Rescue In New Orleans

From the Houston Chronicle, an interestring story of a California team’s rescue of a person left found in his home during search and rescue efforts in New Orleans.

‘Like a ghost,’ man nearly left for dead opens his eyes

NEW ORLEANS — This was just another body in the growing number of bodies that they encounter every day.

A human foot arching at an odd angle was visible through the front window of a locked and dark home.

The National Guard team of searchers was about to call in a “DB” (dead body) at 1927 Lopez St. in the Broadmoor district when Lt. Frederick Fell decided to investigate.

In the last few days, the Federal Emergency Management Agency has ordered searchers NOT to break into homes. They are supposed to look in through a window and knock on the door. If no one cries out for help, they are supposed to move on. If they see a body, they are supposed to log the address and move on. The morticians will remove the deceased later.

But Fell broke the rules and ordered his men to bash open the door, launching a series of events that would save a man’s life and revitalize California Task Force 5 from Orange County, Calif. In the last two days, the 80-member task force had identified seven dead bodies in the same neighborhood, and they had rescued no one.

Difference in Access to Post-ER Followup Care

Excerpted from Reuters, describing an article in JAMA:

NEW YORK (Reuters Health) – After being treated in a emergency room for an urgent condition, Americans with private health insurance are much more likely to secure a timely follow-up appointment with a community doctor than those with Medicaid or no health insurance, a study shows.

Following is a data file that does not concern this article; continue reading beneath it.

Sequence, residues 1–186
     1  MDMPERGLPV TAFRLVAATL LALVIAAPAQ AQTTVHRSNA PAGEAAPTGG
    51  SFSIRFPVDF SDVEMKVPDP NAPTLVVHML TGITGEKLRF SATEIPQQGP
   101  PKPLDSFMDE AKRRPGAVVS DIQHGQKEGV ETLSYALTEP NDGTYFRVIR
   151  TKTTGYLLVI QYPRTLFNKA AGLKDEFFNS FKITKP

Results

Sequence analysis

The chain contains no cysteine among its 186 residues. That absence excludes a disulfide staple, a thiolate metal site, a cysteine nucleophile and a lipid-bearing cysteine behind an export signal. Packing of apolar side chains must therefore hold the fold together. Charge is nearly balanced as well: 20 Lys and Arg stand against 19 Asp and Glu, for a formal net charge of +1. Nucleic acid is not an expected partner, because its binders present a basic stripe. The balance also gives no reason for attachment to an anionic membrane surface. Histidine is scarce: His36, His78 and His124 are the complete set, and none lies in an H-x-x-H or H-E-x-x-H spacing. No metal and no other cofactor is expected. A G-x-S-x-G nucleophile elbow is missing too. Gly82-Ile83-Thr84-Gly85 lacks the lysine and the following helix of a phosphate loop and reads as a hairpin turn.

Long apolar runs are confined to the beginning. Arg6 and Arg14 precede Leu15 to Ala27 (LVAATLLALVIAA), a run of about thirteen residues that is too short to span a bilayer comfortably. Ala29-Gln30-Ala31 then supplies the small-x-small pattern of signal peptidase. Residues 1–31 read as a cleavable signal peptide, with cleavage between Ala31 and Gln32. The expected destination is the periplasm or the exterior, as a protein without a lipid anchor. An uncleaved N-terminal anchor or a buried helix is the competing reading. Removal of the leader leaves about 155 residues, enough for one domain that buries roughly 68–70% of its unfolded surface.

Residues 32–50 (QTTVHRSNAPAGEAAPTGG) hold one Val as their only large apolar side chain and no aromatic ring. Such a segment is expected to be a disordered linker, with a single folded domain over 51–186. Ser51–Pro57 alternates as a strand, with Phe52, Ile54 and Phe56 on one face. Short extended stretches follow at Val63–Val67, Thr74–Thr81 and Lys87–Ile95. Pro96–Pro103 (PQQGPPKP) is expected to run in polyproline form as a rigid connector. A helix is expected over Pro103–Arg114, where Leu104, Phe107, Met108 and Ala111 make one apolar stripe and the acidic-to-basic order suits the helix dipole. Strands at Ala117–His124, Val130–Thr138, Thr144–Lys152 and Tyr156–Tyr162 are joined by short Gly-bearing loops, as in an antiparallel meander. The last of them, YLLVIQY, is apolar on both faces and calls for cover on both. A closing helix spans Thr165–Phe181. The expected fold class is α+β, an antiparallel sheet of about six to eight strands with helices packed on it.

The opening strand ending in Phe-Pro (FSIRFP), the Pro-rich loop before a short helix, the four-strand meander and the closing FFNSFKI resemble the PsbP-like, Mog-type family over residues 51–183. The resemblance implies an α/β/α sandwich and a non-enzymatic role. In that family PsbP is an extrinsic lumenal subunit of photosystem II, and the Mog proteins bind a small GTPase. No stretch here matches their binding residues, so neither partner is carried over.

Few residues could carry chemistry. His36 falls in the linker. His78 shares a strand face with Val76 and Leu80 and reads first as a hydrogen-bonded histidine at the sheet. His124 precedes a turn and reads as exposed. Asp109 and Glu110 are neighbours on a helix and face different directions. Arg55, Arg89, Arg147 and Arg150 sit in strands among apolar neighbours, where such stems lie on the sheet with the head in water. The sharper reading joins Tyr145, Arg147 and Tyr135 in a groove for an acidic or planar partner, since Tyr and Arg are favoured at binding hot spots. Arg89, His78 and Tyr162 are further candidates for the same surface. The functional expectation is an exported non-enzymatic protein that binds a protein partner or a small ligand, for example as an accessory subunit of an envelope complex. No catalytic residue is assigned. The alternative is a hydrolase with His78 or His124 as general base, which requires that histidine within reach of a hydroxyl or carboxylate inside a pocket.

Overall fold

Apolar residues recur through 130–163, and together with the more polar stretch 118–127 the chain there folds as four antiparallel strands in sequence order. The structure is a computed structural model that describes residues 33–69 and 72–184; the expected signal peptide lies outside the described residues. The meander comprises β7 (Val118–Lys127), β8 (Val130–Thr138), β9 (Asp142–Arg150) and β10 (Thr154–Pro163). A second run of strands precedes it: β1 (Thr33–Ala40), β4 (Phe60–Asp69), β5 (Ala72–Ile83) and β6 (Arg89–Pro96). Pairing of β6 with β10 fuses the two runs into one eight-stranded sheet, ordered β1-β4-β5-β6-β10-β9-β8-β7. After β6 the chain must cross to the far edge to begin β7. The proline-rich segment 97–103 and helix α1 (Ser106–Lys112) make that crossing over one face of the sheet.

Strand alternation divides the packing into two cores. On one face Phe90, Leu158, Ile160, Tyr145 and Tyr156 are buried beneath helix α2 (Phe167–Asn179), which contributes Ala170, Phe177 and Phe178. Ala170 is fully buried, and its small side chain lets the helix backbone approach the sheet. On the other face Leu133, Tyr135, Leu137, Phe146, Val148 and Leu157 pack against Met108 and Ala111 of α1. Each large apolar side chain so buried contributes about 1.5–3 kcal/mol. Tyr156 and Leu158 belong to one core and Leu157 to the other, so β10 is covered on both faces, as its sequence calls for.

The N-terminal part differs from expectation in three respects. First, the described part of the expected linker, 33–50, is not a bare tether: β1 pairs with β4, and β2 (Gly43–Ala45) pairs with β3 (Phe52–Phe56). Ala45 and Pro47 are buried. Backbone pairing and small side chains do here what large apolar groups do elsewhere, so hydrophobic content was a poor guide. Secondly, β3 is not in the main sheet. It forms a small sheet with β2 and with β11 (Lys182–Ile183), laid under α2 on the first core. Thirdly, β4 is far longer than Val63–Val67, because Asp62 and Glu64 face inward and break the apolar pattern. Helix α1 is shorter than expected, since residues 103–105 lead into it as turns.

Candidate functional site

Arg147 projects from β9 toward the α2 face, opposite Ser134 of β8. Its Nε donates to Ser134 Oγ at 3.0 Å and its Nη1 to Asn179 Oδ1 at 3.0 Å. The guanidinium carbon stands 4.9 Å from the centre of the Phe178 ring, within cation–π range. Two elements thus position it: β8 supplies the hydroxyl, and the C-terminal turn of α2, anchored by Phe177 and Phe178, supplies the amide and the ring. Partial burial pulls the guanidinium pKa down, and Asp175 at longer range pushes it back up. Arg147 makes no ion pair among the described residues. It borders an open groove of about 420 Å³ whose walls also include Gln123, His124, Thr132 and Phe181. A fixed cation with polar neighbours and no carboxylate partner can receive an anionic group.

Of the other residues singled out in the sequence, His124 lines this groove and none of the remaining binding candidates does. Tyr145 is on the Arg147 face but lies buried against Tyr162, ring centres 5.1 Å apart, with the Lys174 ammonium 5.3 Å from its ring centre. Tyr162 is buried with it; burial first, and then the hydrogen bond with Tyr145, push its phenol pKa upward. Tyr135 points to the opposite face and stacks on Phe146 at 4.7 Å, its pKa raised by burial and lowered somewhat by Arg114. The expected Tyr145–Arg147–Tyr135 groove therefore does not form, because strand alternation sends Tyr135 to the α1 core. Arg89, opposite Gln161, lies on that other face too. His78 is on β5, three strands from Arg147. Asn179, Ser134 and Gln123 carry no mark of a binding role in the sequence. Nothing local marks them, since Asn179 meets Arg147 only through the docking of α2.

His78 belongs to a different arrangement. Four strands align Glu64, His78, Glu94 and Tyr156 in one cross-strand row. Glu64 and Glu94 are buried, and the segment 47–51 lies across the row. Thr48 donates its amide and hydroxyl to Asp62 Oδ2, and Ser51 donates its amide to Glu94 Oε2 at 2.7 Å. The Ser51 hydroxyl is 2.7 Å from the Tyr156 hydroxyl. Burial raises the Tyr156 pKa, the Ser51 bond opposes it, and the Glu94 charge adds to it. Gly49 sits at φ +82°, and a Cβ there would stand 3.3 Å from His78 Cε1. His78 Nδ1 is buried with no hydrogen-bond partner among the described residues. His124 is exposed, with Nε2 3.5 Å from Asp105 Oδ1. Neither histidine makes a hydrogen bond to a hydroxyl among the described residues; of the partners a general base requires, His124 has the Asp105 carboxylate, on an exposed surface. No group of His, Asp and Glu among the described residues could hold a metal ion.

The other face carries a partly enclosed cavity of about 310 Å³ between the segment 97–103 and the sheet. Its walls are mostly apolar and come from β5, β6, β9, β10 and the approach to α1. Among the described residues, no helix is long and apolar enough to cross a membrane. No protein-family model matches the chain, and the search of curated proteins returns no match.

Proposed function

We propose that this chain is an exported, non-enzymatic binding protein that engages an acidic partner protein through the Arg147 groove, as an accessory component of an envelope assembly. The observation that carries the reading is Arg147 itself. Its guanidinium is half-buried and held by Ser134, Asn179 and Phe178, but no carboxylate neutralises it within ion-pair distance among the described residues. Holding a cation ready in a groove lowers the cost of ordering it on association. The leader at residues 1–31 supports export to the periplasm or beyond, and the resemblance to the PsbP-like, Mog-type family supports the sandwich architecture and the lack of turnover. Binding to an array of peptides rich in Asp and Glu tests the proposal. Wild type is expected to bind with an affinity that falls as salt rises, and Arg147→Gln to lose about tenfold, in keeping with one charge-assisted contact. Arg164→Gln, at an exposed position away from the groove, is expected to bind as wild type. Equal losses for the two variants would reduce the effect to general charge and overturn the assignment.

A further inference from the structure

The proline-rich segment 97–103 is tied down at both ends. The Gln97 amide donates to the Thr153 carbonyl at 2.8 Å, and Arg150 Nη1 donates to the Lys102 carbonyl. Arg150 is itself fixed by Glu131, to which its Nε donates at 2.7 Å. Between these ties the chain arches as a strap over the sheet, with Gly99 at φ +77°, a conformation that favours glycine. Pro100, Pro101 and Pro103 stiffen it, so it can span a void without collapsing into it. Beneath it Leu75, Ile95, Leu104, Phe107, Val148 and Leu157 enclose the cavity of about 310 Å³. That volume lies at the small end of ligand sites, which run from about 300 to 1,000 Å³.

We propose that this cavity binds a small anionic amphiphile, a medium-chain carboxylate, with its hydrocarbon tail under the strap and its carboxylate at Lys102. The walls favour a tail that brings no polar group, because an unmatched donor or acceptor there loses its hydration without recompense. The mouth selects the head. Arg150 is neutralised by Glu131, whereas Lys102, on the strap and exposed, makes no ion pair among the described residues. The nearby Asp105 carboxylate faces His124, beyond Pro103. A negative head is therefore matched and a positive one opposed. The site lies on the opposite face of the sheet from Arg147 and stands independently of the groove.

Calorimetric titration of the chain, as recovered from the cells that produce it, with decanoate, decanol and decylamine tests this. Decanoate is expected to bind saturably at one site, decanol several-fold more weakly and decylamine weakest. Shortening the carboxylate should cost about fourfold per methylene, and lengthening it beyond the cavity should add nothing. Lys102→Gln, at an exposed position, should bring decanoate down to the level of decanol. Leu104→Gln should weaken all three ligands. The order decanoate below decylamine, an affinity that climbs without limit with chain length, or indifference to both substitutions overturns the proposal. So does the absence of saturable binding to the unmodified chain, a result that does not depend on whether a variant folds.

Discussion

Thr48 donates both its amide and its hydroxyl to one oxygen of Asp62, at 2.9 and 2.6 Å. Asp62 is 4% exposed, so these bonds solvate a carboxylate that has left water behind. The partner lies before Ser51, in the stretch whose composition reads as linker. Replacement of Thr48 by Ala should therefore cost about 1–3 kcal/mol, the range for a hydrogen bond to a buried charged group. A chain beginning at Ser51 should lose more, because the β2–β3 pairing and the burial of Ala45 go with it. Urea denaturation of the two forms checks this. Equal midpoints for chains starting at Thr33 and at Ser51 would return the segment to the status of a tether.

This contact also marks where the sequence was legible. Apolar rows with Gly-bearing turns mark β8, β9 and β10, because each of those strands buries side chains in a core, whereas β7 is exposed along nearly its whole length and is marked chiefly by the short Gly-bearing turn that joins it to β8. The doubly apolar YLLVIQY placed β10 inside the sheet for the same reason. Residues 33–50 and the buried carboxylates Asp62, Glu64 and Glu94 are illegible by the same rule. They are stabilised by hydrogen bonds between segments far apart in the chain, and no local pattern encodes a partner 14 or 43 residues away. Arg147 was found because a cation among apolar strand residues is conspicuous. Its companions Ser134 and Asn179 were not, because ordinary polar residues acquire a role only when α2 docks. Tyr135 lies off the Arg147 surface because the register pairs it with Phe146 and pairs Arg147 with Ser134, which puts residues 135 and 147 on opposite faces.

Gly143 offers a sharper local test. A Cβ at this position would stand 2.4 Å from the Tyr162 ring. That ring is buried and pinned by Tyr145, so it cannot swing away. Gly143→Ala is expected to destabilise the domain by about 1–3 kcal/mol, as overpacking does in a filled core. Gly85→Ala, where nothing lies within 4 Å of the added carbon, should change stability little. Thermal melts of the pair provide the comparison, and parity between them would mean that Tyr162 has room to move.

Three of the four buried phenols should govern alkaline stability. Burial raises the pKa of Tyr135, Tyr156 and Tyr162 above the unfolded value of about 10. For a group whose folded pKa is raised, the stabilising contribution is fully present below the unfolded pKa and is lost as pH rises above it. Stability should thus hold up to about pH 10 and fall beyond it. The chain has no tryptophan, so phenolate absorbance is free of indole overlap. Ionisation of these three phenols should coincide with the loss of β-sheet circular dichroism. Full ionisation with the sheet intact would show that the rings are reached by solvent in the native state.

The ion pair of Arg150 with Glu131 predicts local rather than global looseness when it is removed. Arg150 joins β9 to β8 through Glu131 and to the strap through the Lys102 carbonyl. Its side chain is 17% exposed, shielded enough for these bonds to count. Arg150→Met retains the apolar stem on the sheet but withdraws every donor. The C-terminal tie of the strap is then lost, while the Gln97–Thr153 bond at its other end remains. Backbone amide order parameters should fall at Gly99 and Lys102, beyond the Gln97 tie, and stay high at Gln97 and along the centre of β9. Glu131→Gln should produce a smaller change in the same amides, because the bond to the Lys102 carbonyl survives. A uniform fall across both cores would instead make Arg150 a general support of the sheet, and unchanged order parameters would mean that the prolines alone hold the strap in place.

“The bottom line is that if you’re not a card carrying member of our healthcare system you’re going to have a very difficult time getting access to care, ” Dr. Brent R. Asplin from Regions Hospital and HealthPartners Research Foundation in St. Paul, Minnesota, told Reuters Health.

Americans will make roughly 114 million visits to hospital ERs this year alone, and more than 80 percent will be treated and discharged with a recommendation to seek follow-up care. That, however, may be easier said than done, according to Asplin and colleagues who examined access to follow-up appointments according to insurance status in nine US cities.

As they report in the Journal of the American Medical Association this week, eight research assistants called 499 ambulatory clinics and identified themselves as in need of follow-up care for pneumonia, high blood pressure or possible ectopic pregnancy — early pregnancy implanted outside the uterus, such as in the Fallopian tube.

The same research assistant called each clinic twice using the same scenario but reporting different insurance status – no insurance, private insurance, or Medicaid — the federal/state program for the poor.

“In our study, the callers who were trying to get appointments had potentially very serious conditions,” Asplin emphasized. “These were not people trying to get an appointment for a sore throat or a cold. But despite the severity of there conditions, callers still had problems getting appointments when they didn’t have the right insurance card.”

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